SHEILA (to GERALD) You see? (To INSPECTOR.) Then I'm staying.

GERALD Why should you? It's bound to be unpleasant and disturbing.

INSPECTOR And you think young women ought to be protected against unpleasant and disturbing things?

GERALD If possible - yes.

INSPECTOR Well, we know one young woman who wasn't, don't we?

GERALD I suppose I asked for that.

SHEILA Be careful you don't ask for any more, Gerald.

GERALD I only meant to say to you - Why stay when you'll hate it?

SHEILA It can't be any worse for me than it has been. And it might be better.

GERALD (bitterly) I see.

SHEILA What do you see?

GERALD You've been through it - and now you want to see somebody else put through it.

SHEILA (bitterly) So that's what you think I'm really like. I'm glad I realized it in time, Gerald.

GERALD No, no, I didn't mean -

SHEILA (cutting in) Yes, you did. And if you'd really loved me, you couldn't have said that. You listened to that nice story about me. I got that girl sacked from Milwards. And now you've made up your mind I must obviously be a selfish, vindictive creature.

GERALD I neither said that nor even suggested it.

SHEILA Then why say I want to see somebody else put through it? That's not what I meant at all.

GERALD All right then, I'm sorry.

SHEILA Yes, but you don't believe me. And this is just the wrong time not to believe me.

INSPECTOR (massively taking charge) Allow me, Miss Birling. (To GERALD.) I can tell you why Miss Birling wants to stay on and why she says it might be better for her if she did. A girl died tonight. A pretty, lively sort of girl, who never did anybody any harm. But she died in misery and agony - hating life -

SHEILA (distressed) Don't please - I know, I know - and I can't stop thinking about it -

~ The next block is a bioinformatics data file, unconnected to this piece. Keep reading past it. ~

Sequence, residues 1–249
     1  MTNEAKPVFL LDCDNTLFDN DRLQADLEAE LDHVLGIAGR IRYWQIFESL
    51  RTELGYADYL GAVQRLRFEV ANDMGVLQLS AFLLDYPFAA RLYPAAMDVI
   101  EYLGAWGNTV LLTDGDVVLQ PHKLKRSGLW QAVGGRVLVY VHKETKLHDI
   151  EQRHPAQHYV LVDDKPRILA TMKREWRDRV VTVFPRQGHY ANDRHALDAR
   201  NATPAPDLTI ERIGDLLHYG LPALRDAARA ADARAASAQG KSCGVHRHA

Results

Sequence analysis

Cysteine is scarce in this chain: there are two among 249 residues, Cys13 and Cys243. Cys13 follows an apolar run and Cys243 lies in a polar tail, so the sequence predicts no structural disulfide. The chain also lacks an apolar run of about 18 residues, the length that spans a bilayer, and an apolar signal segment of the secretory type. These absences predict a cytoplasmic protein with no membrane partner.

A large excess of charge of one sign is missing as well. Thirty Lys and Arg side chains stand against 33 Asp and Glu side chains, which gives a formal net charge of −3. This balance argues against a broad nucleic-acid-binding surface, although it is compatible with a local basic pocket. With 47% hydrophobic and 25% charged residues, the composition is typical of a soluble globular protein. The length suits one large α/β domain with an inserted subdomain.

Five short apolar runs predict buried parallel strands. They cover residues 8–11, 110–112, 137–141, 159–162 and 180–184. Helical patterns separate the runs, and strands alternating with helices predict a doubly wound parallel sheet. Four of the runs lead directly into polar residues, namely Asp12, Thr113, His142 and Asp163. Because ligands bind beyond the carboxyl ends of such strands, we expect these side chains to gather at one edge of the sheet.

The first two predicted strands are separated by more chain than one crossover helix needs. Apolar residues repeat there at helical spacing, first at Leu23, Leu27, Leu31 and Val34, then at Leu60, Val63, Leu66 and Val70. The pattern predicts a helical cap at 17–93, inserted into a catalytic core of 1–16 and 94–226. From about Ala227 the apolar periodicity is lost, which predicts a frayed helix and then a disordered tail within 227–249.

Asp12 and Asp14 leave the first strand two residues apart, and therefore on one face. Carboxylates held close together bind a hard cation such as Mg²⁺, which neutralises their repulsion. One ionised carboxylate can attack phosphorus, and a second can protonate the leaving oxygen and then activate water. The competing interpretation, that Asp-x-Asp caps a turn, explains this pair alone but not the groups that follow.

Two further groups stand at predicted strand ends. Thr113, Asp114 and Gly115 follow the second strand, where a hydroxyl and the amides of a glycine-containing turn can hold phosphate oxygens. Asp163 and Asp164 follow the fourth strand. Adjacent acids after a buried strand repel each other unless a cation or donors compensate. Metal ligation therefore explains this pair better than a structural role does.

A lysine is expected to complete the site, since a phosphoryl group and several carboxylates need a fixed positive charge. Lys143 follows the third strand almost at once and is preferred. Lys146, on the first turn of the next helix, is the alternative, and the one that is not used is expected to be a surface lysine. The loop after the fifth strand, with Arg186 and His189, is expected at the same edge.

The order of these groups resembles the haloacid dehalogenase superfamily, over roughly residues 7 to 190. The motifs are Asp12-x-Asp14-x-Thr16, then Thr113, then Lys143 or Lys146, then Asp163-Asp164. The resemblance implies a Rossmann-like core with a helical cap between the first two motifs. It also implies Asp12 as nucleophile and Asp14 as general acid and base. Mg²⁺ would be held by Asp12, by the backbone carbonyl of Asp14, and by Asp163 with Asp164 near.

INSPECTOR (ignoring this) Now Miss Birling has just been made to understand what she did to this girl. She feels responsible. And if she leaves us now, and doesn't hear any more, then she'll feel she's entirely to blame, she'll be alone with her responsibility, the rest of tonight, all tomorrow, all the next night -

SHEILA (eagerly) Yes, that's it. And I know I'm to blame - and I'm desperately sorry - but I can't believe - I won't believe - it's simply my fault that in the end she - she committed suicide. That would be too horrible -

INSPECTOR (sternly to them both) You see, we have to share something. If there's nothing else, we'll have to share our guilt.

SHEILA (staring at him) Yes. That's true. You know. (She goes close to him, wonderingly.) I don't understand about you.

INSPECTOR (calmly) There's no reason why you should.


The second question you will answer on An Inspector Calls is a longer question - sometimes an essay style question. You need to choose ONE question from a choice of TWO. Aim to spend 40 minutes on this question: 5-10 minutes thinking and planning and about 30 minutes writing. Don't do a long introduction or conclusion.


This might be about an individual character:

How is Sheila Birling presented?

Which character do you have least sympathy for?


It might ask you to compare two characters:

Choose two characters in Inspector Calls with different attitudes. How does Priestley present these two characters?


You might also be asked about the relationships between two characters:

How is the relationship between Gerald and Sheila presented at different points in the play?


In this type of question, you are asked to put yourself in a character's shoes and write as if you were them. You need to think about their attitudes, their attitudes to others and their reactions to what has happened. Try to use appropriate language and get the tone right for how they speak.

Imagine you are Eric. At the end of the play, you look back over events. Write down your thoughts and feelings.


These tend to be about the advice you would give to an actor playing a character.

What advice would you give the actor playing Arthur Birling?

You may be given some prompts but even if you are not, remember to think about different times in the play. You might take four different points when giving advice about Birling. For example: the beginning when he is making his speeches, after the Inspector has entered, then when he realises that the inspector does not exist and finally after the telephone call at the end.


Which character is most to blame for the death of Eva Smith?

How is the theme of responsibility presented in the play?


This could be about the structure of the play or about the dramatic devices used by Priestley.

What do you think of the ending of the play?

How does Priestley create and maintain tension in 'An Inspector Calls'?

What do you think of the way Priestley uses dramatic devices in 'An Inspector Calls'?